In all three specs, when the browser request a document within the
scope of a set of cookies, it must (or MUST, in RFC parlance ;) send a
Cookie header, in the form :

(Netscape) Cookie: CUSTOMER=WILE_E_COYOTE; Part_Number=Rocket_Launcher_0001
(RFC2109) Cookie: $Version="1";
                            Customer="WILE_E_COYOTE"; $Path="/acme";
                            Part_Number="Rocket_Launcher_0001"; $Path="/acme";
(RFC2109) Cookie: $Version="1";
                            Customer="WILE_E_COYOTE"; $Path="/acme";
                            Part_Number="Rocket_Launcher_0001"; $Path="/acme";

As you can see, the main difference between Netscape cookies and RFC
cookies is that in the RFCs, the browser is supposed to send back some
of the cookies attributes to the browser.

Since they did not send cookie attributes with the cookies, the
Netscape guys had no trouble with the browser sending a single Cookie
headers with all the cookies in it (whereas, remember, we had one
Set-Cookie header per cookie).

The problem is that the RFC guys decided to maintain this *and* pass
some of the cookies attributes. So, instead of cleanly fixing the
problem and making Set-Cookie and Cookie symetric (same syntax, same
1:1 mapping with the cookie they represent), they thought about this
corny $-prefixed notation.

Now, when you are writing the server-side cookie parsing code, which
is the one we're talking about, you are trying to parse a Cookie (not
Cookie2 - more on that later) header. The good news is that it's not
so difficult to write some parsing code that parses both
Netscape-style and RFC style headers.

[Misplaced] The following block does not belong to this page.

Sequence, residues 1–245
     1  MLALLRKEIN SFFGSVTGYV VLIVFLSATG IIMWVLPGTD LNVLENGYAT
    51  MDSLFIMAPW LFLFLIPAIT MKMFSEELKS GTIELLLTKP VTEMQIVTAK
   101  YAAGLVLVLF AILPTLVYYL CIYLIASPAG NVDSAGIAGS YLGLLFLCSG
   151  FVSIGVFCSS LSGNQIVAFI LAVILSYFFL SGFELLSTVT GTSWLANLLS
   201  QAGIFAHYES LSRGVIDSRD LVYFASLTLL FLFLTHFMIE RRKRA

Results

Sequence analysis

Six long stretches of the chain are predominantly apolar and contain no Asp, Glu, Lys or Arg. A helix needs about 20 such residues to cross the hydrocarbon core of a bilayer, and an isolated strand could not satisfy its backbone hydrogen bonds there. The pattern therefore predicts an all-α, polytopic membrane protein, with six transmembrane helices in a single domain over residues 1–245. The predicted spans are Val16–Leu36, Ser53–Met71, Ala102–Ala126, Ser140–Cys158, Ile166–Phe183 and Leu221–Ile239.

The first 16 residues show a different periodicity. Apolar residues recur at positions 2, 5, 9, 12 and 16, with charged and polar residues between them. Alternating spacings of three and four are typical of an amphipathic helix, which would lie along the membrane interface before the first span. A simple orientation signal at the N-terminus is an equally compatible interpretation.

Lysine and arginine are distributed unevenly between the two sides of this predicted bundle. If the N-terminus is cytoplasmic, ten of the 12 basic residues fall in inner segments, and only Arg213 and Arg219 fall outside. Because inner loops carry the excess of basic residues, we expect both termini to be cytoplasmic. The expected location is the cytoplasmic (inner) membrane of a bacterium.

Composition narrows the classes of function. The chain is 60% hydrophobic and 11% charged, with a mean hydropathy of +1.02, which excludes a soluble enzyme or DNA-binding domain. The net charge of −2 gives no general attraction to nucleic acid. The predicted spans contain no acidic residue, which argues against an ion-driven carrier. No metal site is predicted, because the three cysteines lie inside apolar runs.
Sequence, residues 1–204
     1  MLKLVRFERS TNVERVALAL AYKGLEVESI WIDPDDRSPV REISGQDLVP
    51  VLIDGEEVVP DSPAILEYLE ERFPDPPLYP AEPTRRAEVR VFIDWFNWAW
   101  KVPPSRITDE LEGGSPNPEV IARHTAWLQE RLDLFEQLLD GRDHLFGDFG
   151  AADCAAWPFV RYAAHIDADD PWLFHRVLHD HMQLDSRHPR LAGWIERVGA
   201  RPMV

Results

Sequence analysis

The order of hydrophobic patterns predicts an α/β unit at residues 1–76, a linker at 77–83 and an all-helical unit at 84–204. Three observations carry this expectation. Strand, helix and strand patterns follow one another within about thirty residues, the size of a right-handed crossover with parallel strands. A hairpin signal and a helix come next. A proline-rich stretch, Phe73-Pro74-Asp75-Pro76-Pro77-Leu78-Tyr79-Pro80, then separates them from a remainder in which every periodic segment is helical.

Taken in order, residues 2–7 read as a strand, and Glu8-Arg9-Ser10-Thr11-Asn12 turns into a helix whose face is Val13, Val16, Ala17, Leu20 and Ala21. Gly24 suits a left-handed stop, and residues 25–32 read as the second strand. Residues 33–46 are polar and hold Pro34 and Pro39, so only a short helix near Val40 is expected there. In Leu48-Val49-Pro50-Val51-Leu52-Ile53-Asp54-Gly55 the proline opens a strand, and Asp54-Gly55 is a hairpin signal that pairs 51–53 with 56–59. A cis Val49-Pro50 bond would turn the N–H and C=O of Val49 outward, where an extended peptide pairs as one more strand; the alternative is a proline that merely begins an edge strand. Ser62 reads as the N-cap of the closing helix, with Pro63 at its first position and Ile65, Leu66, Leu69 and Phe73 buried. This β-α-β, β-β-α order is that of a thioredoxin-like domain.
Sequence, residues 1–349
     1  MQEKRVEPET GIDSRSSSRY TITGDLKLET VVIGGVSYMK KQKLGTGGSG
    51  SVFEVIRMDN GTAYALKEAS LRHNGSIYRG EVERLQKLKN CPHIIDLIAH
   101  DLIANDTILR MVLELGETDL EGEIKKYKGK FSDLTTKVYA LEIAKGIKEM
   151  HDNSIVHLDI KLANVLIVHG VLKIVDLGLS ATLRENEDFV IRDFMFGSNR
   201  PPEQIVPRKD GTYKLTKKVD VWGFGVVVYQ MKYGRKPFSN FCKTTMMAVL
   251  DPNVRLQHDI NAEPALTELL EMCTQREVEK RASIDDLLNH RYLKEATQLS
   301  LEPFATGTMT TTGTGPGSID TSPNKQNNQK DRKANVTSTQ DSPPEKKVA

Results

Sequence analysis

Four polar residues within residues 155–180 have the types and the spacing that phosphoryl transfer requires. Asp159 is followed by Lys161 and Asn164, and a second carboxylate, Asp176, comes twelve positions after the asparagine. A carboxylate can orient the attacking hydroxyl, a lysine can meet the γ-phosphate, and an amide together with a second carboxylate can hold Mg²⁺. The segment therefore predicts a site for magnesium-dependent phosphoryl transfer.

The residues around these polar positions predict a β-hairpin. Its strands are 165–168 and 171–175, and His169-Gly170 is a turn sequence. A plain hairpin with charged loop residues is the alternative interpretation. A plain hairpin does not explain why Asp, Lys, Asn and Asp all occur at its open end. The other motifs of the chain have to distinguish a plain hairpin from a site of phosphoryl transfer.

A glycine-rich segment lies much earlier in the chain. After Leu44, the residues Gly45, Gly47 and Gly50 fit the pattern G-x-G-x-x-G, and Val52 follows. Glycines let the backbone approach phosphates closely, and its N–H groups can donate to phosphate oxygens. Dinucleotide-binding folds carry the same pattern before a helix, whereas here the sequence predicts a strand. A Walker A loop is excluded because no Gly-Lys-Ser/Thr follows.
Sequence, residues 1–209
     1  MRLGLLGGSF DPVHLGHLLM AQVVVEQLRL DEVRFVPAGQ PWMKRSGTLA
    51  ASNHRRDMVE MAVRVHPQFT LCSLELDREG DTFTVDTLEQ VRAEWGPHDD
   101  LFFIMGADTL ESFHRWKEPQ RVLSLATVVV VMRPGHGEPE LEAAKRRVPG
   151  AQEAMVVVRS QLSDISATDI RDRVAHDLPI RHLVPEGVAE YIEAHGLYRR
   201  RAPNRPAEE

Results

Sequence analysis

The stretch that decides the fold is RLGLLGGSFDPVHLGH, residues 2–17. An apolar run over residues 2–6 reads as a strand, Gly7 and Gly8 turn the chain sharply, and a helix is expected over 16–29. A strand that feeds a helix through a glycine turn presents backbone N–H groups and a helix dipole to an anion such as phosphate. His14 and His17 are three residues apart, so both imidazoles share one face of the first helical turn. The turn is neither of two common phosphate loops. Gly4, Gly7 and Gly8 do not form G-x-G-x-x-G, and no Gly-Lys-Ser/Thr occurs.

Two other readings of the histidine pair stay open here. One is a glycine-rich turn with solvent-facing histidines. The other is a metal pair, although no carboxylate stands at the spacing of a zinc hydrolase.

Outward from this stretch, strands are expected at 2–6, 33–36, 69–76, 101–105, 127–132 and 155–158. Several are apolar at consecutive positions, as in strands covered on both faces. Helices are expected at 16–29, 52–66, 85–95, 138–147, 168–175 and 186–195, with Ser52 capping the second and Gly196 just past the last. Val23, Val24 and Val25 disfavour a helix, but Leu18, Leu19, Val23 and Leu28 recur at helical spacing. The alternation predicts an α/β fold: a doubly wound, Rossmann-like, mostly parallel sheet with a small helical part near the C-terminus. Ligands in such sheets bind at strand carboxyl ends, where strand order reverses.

That what the rewrite does : it just builds cookies, but when findind
a $-prefixed cookie name, it knows it is an attribute for the last
defined cookie. There is just a special case for the first $Version
attribute, since there is no last defined cookie. I chose a *very* lax
implementation which allows for other attributes than $Version in
front of the Cookie header. But apart from potential problems here,
the implementation pretty much does the job.

Now, what about the differences between RFC2109 and RFC2965 ? First,
RFC2965 uses Set-Cookie2 instead of Set-Cookie, but that doesn't
change anything to our code, which is designed to parse the Cookie
header. The RFC2965 also defines a few more cookie attributes (namely
CommentURL and Port). Finally, the RFC2965 defines a Cookie2 header,
which allows the browser to tell the server which cookie version it
understands the best (and that's all).

Of course, I guess all this stuff about Set-Cookie2 is widely
unsupported, both by servers and browsers. All this mess is perfectly
ridiculous, still, we have to support it. As far as I'm concerned, the
Netscape spec was OK, and the RFCs should simply have formalized it as
it was. Sigh...

Anyway, there may be some browsers that when sent a Netscape or
RFC2109 Set-Cookie header (it's difficult to differentiate the two
from a browser perspective), send a RFC2109 or RFC2965 Cookie header
to the server. So, for those browsers, we have to support the RFCs,
hence the fix to Cookie.py.

I'd really like Craig to tell us more about the User-Agent which sent
him the RFC-style cookie ?

Regards,
Nicolas


Regards,
Nicolas